“As far as I know, we were only ones that did it way back,” said Leatherwood who estimated she had spoken with Evelyn Cook, the SPICE associate director at least 50 times since the COVID-19 outbreak hit Silver Bluff. “She told me we had the best set up of any facility she’d seen. I sat there and cried and asked, ‘then why is this happening?’”
Neither SPICE nor the Haywood County Health department had any answers and could not recommend a single thing that could have been done differently — or could be done now.
To be cleared, a facility must go 28 days with no new reported cases. In talking to other facilities that have been hit, Silver Bluff still has a long road to go.
“We’re starting our third week, and we’re hearing that about week four, it maybe will start getting better,” she said.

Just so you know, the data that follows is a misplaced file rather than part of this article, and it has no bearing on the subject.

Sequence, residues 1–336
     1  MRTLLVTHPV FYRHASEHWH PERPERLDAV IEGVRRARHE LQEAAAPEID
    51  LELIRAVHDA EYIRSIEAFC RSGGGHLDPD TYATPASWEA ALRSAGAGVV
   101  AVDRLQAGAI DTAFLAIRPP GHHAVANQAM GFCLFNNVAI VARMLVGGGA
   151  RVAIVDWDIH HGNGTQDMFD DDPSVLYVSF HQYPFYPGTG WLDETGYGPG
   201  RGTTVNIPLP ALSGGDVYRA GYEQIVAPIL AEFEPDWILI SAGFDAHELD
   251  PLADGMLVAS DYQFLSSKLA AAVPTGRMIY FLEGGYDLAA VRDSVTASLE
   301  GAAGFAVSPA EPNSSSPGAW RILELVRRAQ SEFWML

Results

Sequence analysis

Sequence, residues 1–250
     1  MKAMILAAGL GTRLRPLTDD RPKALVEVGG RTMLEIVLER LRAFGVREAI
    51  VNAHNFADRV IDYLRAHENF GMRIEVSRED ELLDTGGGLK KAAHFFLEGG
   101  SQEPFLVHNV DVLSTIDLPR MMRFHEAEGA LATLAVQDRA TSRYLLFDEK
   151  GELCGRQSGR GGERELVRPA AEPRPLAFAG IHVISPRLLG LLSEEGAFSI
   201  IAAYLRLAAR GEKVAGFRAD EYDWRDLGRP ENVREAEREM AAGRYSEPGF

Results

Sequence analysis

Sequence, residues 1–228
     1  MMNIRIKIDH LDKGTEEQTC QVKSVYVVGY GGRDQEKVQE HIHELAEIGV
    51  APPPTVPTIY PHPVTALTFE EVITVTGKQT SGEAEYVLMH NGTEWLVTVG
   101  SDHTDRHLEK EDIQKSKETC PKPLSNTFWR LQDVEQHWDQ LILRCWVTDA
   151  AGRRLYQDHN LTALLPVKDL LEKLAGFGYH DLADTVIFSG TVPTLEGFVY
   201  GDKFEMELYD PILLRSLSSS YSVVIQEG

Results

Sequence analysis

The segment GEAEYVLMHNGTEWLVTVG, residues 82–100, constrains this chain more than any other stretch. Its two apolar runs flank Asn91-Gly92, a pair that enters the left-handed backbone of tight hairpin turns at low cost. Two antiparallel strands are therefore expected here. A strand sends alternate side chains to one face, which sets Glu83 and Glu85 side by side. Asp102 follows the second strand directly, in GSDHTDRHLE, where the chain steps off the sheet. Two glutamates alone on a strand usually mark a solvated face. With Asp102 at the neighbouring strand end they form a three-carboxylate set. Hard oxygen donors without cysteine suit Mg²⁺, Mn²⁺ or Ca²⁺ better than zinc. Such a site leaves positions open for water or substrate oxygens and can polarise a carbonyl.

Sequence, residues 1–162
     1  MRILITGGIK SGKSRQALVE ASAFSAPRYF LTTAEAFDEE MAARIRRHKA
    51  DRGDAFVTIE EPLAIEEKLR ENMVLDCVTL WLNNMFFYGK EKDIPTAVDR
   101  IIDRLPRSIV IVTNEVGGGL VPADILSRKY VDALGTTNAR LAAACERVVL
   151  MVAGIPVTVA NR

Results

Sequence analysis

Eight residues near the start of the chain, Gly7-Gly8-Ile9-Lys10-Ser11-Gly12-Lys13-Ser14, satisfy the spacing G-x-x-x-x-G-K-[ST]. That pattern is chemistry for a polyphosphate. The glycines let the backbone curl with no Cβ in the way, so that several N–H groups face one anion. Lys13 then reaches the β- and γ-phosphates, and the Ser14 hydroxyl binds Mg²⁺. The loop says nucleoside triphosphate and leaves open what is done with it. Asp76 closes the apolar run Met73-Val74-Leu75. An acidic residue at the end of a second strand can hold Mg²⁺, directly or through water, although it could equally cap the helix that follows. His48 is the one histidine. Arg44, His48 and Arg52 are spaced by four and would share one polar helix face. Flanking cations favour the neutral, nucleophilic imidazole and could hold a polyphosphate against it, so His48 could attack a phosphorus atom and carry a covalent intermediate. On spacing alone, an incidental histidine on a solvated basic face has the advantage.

Testing and transparency
The COVID outbreak has been a nightmare not only for residents and their families, but for the staff at Silver Bluff ever since July 13, when COVID-19 was found in the facility.
That was despite the early — and regular — testing the facility championed as a way to prevent an outbreak.
When the county offered to test front-line essential workers in the county in April, Silver Bluff voluntarily sent 85 staff members over for the testing — the only long-term care facility in the county to do so, Leatherwood said.
In May, Silver Bluff covered the cost of again testing staff members at $75 per test. Workers would have tested in June had that been possible, Leatherwood said.